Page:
It might seem remarkable that the US Navy can strike multiple corners of a remote Syrian airfield with only one or two days’ notice. But this is old technology that actually underplays the Pentagon’s most advanced capabilities.
The Navy fired 59 Tomahawk missiles on April 6 at Syria’s Al Shayrat airfield, about 70 miles northeast of Damascus, in retaliation for chemical weapons attacks a few days earlier that reportedly originated at the base. It’s not yet clear how much damage the US strikes inflicted, although Syrian officials claimed at least 9 people died. Key foreign leaders and senior Democrats on Capitol Hill have generally backed President Trump, who ordered the strikes. The missiles came from two destroyers, the USS Ross and the USS Porter, steaming in the eastern Mediterranean Sea, off Syria’s coast.
The Tomahawk missile is an appealing weapon for such a mission: it requires no pilot flying in harm’s way and can be launched from a safe distance of up to 1,500 miles away. “This is an old missile, in one sense,” says Tom Karako, a senior fellow at the Center for Strategic and International Studies. “But in another sense, it’s being continually modernized. It’s frequently the thing for which we reach first in these kinds of engagements.”
The Tomahawk, built by Raytheon (RTN) at a cost of about $1.4 million apiece, is 20 feet long at launch, and weighs as much as a Mini Cooper. Its 1,000-pound warhead can pulverize a small building and leave a 20-foot crater in the ground. It can be fired from submarines as well as surface ships, making it hard to detect where it’s coming from. A booster powers the missile into flight, while a turbofan engine powers it to the target once the booster is discarded. The Tomahawk, doesn’t have a radar-defeating stealth design, like the B-2 bomber. Yet by flying 100 feet or so above the earth’s surface, it often avoids radar detection. It can also zig and zag on its way to the target, so its flight path is unpredictable.
The Navy first fielded the Tomahawks in the 1980s, and the missile’s first use came in the 1991 Persian Gulf War, when the United States used nearly 300 of them to degrade Iraq’s air-defense system and other key defense nodes. A few Tomahawks were shot down, and others malfunctioned, but the Tomahawk—like similar missiles fielded by the Air Force—was generally praised as a wonder weapon heralding a new era of less-bloody standoff warfare. (That may be true for combat pilots, but grueling ground wars in Afghanistan and Iraq have since proven that bloodless warfare remains a long way off.)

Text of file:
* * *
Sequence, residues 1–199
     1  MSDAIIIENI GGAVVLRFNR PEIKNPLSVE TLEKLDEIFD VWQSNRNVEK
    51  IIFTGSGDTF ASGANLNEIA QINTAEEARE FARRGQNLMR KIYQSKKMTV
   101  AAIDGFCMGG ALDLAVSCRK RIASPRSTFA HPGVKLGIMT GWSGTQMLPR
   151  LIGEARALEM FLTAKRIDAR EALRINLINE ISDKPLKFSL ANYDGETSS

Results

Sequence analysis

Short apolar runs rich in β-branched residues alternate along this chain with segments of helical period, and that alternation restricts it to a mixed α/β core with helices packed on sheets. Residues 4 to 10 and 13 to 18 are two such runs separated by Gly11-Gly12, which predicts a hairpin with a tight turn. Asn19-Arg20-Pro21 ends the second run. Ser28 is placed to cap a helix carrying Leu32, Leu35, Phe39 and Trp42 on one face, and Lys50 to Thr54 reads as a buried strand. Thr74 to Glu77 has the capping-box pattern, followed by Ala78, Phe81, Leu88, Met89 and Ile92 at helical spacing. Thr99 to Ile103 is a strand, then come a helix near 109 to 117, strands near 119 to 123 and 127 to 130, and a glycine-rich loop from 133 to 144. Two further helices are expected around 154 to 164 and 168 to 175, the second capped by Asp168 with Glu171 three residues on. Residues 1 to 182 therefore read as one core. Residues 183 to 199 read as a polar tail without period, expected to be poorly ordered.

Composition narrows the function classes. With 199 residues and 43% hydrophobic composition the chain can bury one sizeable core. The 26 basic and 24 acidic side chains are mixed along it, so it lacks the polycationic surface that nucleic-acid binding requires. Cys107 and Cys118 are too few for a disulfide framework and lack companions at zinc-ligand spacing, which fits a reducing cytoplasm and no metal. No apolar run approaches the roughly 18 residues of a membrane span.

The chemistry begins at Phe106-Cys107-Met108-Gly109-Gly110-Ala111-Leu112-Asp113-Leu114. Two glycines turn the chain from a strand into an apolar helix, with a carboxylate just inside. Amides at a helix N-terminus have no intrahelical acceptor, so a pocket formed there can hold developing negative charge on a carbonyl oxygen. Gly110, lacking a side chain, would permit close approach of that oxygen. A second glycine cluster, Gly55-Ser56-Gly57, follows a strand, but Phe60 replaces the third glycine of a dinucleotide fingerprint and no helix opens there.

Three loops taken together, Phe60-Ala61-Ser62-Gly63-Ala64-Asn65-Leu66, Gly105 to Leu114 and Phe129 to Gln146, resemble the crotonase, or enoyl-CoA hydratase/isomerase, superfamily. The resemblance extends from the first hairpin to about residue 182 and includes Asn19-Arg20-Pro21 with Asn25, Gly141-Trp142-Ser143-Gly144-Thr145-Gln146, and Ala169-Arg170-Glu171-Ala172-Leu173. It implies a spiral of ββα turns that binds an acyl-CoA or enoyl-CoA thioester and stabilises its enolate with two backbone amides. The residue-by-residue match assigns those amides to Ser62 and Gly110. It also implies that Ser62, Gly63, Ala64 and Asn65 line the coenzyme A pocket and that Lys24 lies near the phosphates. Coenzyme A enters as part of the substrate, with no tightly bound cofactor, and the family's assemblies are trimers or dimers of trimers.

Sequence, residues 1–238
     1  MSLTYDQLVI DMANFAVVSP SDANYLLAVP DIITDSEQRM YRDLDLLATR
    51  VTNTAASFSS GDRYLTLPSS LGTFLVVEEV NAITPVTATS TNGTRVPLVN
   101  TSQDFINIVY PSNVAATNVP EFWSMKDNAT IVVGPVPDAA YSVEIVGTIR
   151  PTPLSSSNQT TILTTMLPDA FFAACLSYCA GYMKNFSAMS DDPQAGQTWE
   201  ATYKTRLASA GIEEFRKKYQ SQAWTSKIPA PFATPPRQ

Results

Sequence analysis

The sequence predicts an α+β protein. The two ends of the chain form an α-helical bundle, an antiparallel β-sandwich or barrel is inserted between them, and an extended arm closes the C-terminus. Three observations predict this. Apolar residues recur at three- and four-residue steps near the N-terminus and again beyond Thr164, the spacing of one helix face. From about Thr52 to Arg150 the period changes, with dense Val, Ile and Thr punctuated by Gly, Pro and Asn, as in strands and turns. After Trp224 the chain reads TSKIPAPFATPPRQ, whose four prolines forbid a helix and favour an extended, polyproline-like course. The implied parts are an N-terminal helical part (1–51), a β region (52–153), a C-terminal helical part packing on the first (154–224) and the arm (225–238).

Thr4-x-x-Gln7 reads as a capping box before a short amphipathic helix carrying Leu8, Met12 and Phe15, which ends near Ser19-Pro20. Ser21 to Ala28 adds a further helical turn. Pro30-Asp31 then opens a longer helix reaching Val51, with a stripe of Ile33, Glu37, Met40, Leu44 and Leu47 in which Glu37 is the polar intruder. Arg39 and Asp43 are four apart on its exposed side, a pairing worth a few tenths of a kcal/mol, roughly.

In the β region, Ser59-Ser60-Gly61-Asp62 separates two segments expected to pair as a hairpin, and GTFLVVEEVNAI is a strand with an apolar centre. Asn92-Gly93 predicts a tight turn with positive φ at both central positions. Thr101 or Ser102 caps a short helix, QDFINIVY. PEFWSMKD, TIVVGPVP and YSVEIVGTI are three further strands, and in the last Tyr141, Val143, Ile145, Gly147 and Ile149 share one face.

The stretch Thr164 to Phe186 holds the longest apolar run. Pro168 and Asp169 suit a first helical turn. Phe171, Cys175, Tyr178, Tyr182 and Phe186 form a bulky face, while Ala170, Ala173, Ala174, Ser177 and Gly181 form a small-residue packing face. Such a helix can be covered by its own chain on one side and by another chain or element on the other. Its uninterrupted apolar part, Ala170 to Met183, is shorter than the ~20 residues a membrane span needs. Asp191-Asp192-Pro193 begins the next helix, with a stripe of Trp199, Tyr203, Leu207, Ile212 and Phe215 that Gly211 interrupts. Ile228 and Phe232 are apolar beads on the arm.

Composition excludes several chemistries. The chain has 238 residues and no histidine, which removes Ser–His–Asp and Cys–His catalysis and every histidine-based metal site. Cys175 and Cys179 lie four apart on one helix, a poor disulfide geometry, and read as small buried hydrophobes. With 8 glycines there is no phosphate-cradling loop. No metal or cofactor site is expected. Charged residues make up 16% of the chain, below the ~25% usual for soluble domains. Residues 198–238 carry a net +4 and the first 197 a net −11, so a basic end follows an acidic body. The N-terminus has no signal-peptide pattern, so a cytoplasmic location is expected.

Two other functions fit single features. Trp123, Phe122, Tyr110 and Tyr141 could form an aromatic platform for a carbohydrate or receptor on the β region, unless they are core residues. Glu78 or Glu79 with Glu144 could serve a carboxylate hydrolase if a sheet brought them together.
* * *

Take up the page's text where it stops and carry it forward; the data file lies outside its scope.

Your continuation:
Sophisticated militaries such as those of Russia and China have the capability, on paper, to shoot down or otherwise defeat subsonic cruise missiles like the Tomahawk. But most other nations don’t, which is why five dozen of them were able to fly through Syria’s airspace unmolested and strike a target roughly 60 miles inland. If the United States were at war, as Syria is, such a missile fired from the sea would trigger alarms well before it made land.
Tomahawks were fired into Iraq several times after 1991, to punish Saddam Hussein for various violations of United Nations sanctions. They were the weapon of choice in 1998 when the Pentagon tried, with limited success, to destroy al Qaeda facilities in Afghanistan and Yemen. Other Tomahawk strikes have occurred in Bosnia (1995), Serbia and Montenegro (1999), Afghanistan again (2001), Iraq again (2003), Somalia (2008), Yemen again (2009), Libya (2011), Syria (ISIS targets, in 2014), and Yemen again (2016).
The Navy has substantially upgraded the Tomahawk since its wartime debut in 1991. Early versions could be programmed to fly on their own to a target, but that was about it. Newer versions can be reprogrammed in flight, if a more important target pops up. Newer Tomahawks can loiter and shoot footage of prior strikes, to help war planners assess damage and the need for follow-on strikes. The upgraded versions also launch more quickly than prior models. And the contractor Raytheon is working on processors and other “active-seeker” technology that would enable the missile to hunt moving targets, a missing capability that essentially limits the Tomahawk’s use, for now, to fixed targets such as buildings.
The Navy has about 4,000 Tomahawks in inventory, but plans to eventually replace the aging design with newer—and perhaps stealthier—technology. The Tomahawk is nowhere near the fastest cruise missile in the world, for one thing. That distinction probably belongs to the joint Russian-Indian Brahmos missile, which can travel more than 2,000 miles per hour, or roughly four times as fast as a Tomahawk. That makes it far harder to shoot down. And while the Tomahawk is useful against fixed targets, the Navy increasingly needs weapons able to strike fast-moving ships and other mobile targets. For now, however, the Tomahawk remains a stalwart friend of war planners and presidents.
Rick Newman is the author of four books, including Rebounders: How Winners Pivot from Setback to Success. Follow him on Twitter: @rickjnewman